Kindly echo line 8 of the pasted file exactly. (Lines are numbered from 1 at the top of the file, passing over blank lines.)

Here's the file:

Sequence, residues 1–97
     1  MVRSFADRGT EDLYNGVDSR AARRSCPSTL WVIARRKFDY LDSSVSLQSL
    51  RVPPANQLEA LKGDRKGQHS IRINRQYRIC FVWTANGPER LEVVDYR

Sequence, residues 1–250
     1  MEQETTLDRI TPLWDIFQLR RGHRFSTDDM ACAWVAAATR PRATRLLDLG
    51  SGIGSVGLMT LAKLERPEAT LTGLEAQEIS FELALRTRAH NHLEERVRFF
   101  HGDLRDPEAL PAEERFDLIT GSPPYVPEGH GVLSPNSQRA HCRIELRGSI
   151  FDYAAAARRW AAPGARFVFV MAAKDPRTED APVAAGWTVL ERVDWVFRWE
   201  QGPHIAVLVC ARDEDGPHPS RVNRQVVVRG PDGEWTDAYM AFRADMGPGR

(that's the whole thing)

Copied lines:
   151  FDYAAAARRW AAPGARFVFV MAAKDPRTED APVAAGWTVL ERVDWVFRWE